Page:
Originally created 05/03/04

Black Republican candidates draw attention

ATLANTA - When Willie Talton became one of the first black law enforcement officials of central Georgia's Houston County in 1965, staking a place for himself in history wasn't on his mind.

"It was about getting in and doing a good job and showing I belonged," said Mr. Talton, a 60-year-old resident of Warner Robins.

Nearly 39 years later, Mr. Talton is taking a similar approach to a career move that could land him a second historical distinction: being one of the first black Republican state lawmakers in Georgia since Reconstruction.

"I really haven't had a chance to think about it," he said this week of his candidacy's significance to the political world.

Plenty of others took note of his campaign.

Black voters and black candidates have been viewed as part of the bedrock of the Democratic Party of Georgia since the Civil Rights era. All 49 black lawmakers in the Georgia Legislature are Democrats.

But that doesn't mean the Democratic tent is big enough for everyone.

More than a dozen black GOP candidates qualified this week for July's Republican primary elections.

They range in age from 30 to 65. Their professions vary from insurance to business to public relations.

Mr. Talton's candidacy stands out from the others because he has no Republican or Democratic challengers, virtually guaranteeing him a seat in the General Assembly in January.

Libertarian and independent candidates can still qualify for the race but would face a tremendous uphill battle against a well-funded major-party challenger.

"It's a fascinating development to be sure," said Mike Digby, a political scientist at Georgia College & State University.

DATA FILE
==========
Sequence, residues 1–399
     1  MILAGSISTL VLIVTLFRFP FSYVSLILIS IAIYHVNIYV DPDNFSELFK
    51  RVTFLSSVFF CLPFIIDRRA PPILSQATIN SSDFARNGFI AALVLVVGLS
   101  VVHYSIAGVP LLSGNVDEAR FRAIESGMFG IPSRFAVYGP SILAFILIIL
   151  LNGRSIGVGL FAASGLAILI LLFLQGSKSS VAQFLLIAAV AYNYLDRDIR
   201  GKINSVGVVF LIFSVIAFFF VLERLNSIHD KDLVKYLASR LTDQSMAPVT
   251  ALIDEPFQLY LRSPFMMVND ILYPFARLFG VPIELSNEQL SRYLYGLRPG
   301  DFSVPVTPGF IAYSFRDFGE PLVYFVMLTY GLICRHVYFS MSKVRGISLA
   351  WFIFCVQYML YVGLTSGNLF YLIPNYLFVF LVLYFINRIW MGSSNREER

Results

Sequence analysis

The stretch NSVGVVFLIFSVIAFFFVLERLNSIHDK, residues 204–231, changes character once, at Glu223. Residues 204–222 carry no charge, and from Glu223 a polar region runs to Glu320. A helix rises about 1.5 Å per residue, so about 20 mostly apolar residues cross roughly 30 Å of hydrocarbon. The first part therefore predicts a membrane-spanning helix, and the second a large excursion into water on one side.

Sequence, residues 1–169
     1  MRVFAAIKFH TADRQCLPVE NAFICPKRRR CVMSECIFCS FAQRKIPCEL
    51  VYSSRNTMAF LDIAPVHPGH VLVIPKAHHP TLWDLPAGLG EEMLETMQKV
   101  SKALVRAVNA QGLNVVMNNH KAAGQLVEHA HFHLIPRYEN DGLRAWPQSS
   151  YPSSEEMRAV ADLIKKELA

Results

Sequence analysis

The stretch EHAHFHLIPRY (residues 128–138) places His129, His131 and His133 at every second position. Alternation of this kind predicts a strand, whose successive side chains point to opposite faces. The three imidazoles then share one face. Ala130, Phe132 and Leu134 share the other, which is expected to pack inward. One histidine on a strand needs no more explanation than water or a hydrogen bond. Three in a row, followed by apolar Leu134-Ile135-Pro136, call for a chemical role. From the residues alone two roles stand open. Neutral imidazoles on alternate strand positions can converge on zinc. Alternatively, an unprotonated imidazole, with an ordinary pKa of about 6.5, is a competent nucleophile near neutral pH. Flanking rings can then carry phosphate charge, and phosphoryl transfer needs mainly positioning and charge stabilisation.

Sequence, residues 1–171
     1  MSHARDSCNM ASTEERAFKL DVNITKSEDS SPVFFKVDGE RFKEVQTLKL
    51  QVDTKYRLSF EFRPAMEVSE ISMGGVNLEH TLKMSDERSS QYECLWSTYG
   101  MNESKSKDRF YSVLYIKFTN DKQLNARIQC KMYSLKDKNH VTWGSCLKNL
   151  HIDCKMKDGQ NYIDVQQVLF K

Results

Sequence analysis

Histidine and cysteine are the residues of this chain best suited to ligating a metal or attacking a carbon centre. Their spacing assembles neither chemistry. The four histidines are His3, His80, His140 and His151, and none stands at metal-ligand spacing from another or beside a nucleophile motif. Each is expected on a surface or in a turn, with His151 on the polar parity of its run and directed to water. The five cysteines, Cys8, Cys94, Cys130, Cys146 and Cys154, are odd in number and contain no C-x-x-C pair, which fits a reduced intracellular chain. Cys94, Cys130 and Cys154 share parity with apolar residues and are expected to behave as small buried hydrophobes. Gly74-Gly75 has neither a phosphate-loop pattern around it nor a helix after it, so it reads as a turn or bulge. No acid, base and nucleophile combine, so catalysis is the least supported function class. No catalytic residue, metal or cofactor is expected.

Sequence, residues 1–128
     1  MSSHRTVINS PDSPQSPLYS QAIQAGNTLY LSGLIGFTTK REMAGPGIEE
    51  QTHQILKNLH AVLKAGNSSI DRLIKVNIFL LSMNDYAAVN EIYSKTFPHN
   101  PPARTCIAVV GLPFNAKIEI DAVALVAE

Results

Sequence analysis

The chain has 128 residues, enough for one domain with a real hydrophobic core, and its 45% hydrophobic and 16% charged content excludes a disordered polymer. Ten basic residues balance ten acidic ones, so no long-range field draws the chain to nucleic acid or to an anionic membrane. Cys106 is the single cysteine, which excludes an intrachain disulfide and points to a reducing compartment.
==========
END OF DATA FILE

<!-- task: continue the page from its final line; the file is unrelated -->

"There have been black candidates under the Republican banner before. It could just be that now this is bearing fruit." he said.

COBB COUNTY HOUSE candidate Nick Chester says he isn't surprised by the strong showing of black Republicans on the GOP primary ballot this year.

"As the Democratic Party has grown over the years, it has grown more out of touch with the African-American community," said the 30-year-old insurance adjuster from Mableton. "The Republican side encompasses more of the conservative ideals that are near to my heart and near to the hearts of most African Americans."

Mr. Chester said the time is right for conservative black voters to consider the Republican Party, especially after this year's legislative session in which many Democrats worked to fight against a constitutional amendment banning gay marriage and a proposal to let faith-based groups use taxpayer money for charity work.

"When the Democratic Party started moving away from there, the values that created America - that created a void that the Republican Party is filling," Mr. Chester said.

Katherine Smith, the public relations coordinator for the Waycross-Ware County Public Library and a former Army lieutenant, says she also left the Democratic Party because she felt the GOP better reflected her morals.

"The decisions we make today affect the future of our children and our grandchildren," said Ms. Smith, 46, who is running in the GOP primary for House District 177 in southeast Georgia. "It's about time for us to stand up for righteousness' sake."

DEMOCRATIC LEADERS ARE quick to contend that their party's ideas and legislation are working because they have attracted a broad range of voters and elected officials.

"The Democratic Party truly reflects diversity," said Bobby Kahn, the chairman of the state Democratic Party.

He pointed out the racial and gender makeup of the lawmakers now serving in the state Legislature.

The 106 Republicans are 93 white men, 12 white women and one Hispanic man.

In contrast, the 129 Democrats are 57 white men, 21 white women, 31 black men, 18 black women and two Hispanic men.

"It's just not credible to say the Republican Party is an open party," Mr. Kahn said.

"They need to put their money where their mouths are."

Despite the advantages of diversity, some say the Georgia Democratic Party is in a state of flux because of the fragile solidarity of its members: urban liberals, blacks and rural conservative whites.


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